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The Vocal Repertoire of Adult and Neonate Giant Otters (Pteronura brasiliensis)

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dc.contributor.author Mumm, Christina A. S. en
dc.contributor.author Knörnschild, Mirjam en
dc.date.accessioned 2015-02-25T18:30:15Z
dc.date.available 2015-02-25T18:30:15Z
dc.date.issued 2014
dc.identifier.citation Mumm, Christina A. S. and Knörnschild, Mirjam. 2014. "<a href="http%3A%2F%2Fwww.plosone.org%2Farticle%2FfetchObject.action%3Furi%3Dinfo%253Adoi%252F10.1371%252Fjournal.pone.0112562%26representation%3DPDF">The Vocal Repertoire of Adult and Neonate Giant Otters (Pteronura brasiliensis)</a>." <em>PloS One</em>. 9 (11):1&ndash;15. <a href="https://doi.org/10.1371/journal.pone.0112562">https://doi.org/10.1371/journal.pone.0112562</a> en
dc.identifier.issn 1932-6203
dc.identifier.uri http://hdl.handle.net/10088/24473
dc.identifier.uri http://www.plosone.org/article/fetchObject.action?uri=info%3Adoi%2F10.1371%2Fjournal.pone.0112562&representation=PDF
dc.description.abstract Animals use vocalizations to exchange information about external events, their own physical or motivational state, or about individuality and social affiliation. Infant babbling can enhance the development of the full adult vocal repertoire by providing ample opportunity for practice. Giant otters are very social and frequently vocalizing animals. They live in highly cohesive groups, generally including a reproductive pair and their offspring born in different years. This basic social structure may vary in the degree of relatedness of the group members. Individuals engage in shared group activities and different social roles and thus, the social organization of giant otters provides a basis for complex and long-term individual relationships. We recorded and analysed the vocalizations of adult and neonate giant otters from wild and captive groups. We classified the adult vocalizations according to their acoustic structure, and described their main behavioural context. Additionally, we present the first description of vocalizations uttered in babbling bouts of new born giant otters. We expected to find 1) a sophisticated vocal repertoire that would reflect the species&#39; complex social organisation, 2) that giant otter vocalizations have a clear relationship between signal structure and function, and 3) that the vocal repertoire of new born giant otters would comprise age-specific vocalizations as well as precursors of the adult repertoire. We found a vocal repertoire with 22 distinct vocalization types produced by adults and 11 vocalization types within the babbling bouts of the neonates. A comparison within the otter subfamily suggests a relation between vocal and social complexity, with the giant otters being the socially and vocally most complex species. en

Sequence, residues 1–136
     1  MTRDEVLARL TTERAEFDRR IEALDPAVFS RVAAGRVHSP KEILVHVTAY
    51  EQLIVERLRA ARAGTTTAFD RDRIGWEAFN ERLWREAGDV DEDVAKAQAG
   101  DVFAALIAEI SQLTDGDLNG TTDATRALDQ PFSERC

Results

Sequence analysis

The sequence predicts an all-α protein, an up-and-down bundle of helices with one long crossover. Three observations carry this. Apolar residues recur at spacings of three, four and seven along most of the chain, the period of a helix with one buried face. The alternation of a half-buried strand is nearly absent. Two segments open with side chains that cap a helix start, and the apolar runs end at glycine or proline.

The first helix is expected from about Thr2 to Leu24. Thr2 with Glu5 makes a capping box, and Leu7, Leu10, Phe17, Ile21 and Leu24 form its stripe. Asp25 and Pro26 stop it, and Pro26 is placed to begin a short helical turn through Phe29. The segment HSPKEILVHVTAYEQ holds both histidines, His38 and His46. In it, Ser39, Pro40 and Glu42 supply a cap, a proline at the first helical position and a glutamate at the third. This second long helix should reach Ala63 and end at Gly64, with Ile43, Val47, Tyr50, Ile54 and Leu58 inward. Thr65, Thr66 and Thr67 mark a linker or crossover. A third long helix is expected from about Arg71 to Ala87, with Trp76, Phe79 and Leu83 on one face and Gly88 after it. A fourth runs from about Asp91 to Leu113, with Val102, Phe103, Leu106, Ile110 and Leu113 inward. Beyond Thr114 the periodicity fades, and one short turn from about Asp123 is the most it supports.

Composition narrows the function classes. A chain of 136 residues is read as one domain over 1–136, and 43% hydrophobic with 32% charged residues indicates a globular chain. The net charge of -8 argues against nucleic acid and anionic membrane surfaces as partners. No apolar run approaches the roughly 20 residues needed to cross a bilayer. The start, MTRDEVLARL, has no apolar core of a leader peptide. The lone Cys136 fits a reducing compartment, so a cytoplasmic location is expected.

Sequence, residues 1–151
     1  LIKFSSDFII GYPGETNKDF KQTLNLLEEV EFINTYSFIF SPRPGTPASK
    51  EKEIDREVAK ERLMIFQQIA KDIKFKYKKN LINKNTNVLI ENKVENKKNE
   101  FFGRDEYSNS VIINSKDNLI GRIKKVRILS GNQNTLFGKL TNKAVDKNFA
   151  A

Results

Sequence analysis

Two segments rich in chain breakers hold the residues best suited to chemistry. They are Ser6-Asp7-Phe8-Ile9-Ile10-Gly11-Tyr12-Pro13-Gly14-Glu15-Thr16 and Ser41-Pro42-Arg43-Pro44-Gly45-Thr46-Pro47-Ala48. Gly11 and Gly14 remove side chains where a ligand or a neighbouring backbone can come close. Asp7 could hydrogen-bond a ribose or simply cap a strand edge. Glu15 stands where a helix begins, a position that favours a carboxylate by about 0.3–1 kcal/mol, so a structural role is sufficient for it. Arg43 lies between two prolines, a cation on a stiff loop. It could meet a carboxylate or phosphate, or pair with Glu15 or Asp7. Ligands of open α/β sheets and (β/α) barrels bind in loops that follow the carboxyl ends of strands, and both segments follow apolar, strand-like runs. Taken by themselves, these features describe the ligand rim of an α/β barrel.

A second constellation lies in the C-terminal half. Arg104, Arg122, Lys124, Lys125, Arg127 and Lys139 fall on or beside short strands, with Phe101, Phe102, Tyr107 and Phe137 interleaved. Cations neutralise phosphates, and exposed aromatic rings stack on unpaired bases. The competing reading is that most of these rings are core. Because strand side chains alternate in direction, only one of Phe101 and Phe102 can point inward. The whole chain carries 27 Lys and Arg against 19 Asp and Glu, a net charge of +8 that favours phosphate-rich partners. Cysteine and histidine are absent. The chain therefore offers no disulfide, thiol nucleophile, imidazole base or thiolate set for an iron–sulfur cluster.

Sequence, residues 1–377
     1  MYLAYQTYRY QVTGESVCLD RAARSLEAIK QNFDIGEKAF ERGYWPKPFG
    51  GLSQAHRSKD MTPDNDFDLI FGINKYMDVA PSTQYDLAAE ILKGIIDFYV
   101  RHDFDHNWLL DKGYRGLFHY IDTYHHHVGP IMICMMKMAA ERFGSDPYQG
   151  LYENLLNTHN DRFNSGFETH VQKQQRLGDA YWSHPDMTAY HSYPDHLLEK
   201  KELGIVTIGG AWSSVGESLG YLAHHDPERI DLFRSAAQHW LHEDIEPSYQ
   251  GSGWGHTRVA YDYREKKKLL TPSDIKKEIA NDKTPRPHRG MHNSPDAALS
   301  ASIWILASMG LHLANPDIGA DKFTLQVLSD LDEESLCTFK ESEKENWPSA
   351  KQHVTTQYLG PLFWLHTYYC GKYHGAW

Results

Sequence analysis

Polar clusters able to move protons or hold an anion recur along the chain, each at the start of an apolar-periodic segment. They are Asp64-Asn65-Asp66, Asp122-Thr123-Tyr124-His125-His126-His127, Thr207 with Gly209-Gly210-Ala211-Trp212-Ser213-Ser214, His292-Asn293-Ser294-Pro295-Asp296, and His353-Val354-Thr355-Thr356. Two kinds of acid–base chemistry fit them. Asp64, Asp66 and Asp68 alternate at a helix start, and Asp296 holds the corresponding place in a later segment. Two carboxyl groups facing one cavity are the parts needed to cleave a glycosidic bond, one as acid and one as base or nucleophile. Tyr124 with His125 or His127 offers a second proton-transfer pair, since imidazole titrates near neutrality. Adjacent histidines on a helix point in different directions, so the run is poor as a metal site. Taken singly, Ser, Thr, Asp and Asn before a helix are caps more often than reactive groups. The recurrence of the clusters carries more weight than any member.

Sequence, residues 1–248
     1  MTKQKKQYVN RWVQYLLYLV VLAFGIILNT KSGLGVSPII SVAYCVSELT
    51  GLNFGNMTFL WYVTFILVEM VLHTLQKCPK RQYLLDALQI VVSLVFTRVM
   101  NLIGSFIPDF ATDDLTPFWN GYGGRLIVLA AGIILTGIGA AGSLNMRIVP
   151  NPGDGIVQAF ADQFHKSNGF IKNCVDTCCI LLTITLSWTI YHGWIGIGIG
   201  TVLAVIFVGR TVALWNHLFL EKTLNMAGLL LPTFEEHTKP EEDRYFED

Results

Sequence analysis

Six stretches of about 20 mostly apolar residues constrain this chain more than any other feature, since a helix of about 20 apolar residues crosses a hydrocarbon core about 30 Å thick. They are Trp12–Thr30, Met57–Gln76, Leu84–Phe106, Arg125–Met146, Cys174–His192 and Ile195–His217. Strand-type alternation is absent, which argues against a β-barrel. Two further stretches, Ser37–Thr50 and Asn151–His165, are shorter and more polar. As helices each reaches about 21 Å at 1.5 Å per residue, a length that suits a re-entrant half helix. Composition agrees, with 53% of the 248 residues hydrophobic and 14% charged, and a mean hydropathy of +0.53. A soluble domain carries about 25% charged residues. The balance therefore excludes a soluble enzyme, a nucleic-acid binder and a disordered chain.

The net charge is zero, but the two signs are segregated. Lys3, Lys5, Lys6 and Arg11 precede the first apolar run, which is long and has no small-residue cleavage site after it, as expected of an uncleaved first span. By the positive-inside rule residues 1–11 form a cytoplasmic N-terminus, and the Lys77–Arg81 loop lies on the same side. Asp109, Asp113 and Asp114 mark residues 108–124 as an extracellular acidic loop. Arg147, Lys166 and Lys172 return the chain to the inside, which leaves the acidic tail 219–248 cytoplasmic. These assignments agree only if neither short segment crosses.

dc.relation.ispartof PloS One en
dc.title The Vocal Repertoire of Adult and Neonate Giant Otters (Pteronura brasiliensis) en
dc.type Journal Article en
dc.identifier.srbnumber 132941
dc.identifier.doi 10.1371/journal.pone.0112562
rft.jtitle PloS One
rft.volume 9
rft.issue 11
rft.spage 1
rft.epage 15
dc.description.SIUnit research associate en
dc.description.SIUnit STRI en
dc.description.SIUnit Peer-reviewed en
dc.citation.spage 1
dc.citation.epage 15
dc.relation.url http://www.plosone.org/article/fetchObject.action?uri=info%3Adoi%2F10.1371%2Fjournal.pone.0112562&representation=PDF


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